Gardens = Serenity 吗?

It was great seeing the beautiful gardens in Suzhou this week, but it made me wonder how the Chinese actually consider and appreciate nature. Especially living in the booming city of Shanghai, it is easy to assume that the low air quality and lack of green space, among other urban side effects, corresponds with a lack of regard for the natural environment. And as The River Runs Black points out, one can basically assume this to be true. The rapid economic development of China has come at the cost of the health of the Chinese landscape and population. The government has repeatedly demonstrated that a regard for nature is secondary, at best, to the priority of economic growth and urbanization.

These circumstances made me think about the oddity that is gardens in general, and how they are appreciated in China specifically. It has always been my belief that gardens are meant as escapes or refuges from the urbanized world. We keep them in our backyards sometimes for growing food, but many times for the simple joy of tending to the plants and enjoying the blossoming of the flowers. I know from my conversations (and extensive tour of his crazy backyard) with Larry Ligo that gardens can be immaculately imagined and constructed, made strategically to induce specific responses both visually and on a deeper level. It was my general assumption that gardens are places to unwind and take the chance to observe and share space with the most beautiful elements of nature.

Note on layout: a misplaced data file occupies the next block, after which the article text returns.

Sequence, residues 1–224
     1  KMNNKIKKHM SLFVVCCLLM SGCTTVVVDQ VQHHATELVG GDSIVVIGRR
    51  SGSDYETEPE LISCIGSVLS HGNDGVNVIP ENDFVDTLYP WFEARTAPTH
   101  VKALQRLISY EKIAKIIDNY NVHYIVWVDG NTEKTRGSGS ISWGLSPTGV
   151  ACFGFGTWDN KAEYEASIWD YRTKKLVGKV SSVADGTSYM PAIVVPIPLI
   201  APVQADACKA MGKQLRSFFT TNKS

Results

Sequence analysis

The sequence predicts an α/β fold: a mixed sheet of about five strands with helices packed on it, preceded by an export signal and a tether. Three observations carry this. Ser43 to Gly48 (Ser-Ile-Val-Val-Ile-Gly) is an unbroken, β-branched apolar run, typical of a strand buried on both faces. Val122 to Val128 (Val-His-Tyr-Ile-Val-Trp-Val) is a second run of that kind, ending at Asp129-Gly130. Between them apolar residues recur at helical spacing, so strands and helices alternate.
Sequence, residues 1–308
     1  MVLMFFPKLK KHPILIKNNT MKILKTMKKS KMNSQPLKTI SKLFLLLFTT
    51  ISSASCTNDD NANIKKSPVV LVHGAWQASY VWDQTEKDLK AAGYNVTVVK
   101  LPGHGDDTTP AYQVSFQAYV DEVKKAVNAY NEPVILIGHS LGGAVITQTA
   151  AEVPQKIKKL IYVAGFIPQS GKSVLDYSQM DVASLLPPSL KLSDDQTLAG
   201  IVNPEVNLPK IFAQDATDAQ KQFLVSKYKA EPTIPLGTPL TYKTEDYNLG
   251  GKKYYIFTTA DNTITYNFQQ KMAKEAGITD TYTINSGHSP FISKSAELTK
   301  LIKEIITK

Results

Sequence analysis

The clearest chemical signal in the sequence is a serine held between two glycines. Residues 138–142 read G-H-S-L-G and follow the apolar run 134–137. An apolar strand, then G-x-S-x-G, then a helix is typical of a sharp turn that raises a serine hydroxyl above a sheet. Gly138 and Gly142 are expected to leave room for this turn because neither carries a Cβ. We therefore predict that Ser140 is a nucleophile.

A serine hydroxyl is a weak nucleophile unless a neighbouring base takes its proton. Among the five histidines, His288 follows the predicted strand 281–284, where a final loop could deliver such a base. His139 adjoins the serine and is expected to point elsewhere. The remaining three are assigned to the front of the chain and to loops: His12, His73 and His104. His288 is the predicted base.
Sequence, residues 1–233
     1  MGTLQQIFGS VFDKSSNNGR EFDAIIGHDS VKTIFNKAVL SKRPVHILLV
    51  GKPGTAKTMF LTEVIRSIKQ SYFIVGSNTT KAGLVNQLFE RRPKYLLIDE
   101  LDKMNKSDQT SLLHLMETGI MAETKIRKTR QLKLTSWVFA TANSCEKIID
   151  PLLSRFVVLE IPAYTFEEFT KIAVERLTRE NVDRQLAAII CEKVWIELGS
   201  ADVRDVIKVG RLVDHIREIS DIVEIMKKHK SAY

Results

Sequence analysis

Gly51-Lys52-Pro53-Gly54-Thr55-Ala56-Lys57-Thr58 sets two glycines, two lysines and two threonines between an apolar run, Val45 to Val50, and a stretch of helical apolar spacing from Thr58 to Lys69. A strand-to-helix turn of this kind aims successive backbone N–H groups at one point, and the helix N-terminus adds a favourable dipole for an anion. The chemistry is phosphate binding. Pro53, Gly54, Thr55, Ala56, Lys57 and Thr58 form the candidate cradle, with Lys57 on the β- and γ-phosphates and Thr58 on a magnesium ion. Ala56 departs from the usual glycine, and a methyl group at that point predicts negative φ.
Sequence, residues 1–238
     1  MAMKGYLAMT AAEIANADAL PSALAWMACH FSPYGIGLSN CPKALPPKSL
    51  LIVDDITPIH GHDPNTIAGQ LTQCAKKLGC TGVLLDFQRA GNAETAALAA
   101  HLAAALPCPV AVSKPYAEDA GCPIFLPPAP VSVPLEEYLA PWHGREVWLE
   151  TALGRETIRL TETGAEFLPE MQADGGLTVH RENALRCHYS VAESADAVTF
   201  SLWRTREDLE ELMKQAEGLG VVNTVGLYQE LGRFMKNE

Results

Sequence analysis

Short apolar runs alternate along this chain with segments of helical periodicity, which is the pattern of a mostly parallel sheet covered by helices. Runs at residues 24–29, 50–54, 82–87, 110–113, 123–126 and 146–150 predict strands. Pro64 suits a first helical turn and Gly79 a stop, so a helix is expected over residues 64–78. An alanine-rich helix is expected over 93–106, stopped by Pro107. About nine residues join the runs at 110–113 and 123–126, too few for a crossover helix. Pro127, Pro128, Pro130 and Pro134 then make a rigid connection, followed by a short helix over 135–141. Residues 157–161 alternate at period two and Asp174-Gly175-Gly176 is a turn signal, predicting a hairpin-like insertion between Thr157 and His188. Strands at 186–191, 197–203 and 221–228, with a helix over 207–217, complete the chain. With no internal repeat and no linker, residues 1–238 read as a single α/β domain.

That’s why going to the gardens in Suzhou made little sense to me! I know they used to be private gardens that were serene, but they have now turned into thriving tourist hubs that are as bustling with people as city streets. I remember it was hard to even look up and enjoy seeing a tree or plant. I was able to snap this picture of a flower during one of our brief breaks from walking:

So even though this photo shows a beautiful, untouched, vibrant natural element, much of the trip was dominated by scenes that looked more like this:

This has all led me to think about how nature is perceived in China. Of course there is no simple answer. But what I have deduced is that there is an inherent desire in humans to be connected to nature in some way. Even as I look out my window, I can see trees and grass whose function is primarily superficial. And I can see that the gardens of Suzhou, though extremely crowded during Golden Week, are exceptionally beautiful and serene when absent such crowds. But I think the abundance of people and human influence that bombards these gardens is indicative of the stance that China has made in its relationship with nature. Though the Chinese still have an appreciation for the beauty of the natural world, it functions now as a purely economic entity. The gardens are maintained not for the serenity they provide, but the revenue of its visitors. And as The River Runs Black explains, this type of mentality will continue to affect a gamut of environmental issues in China.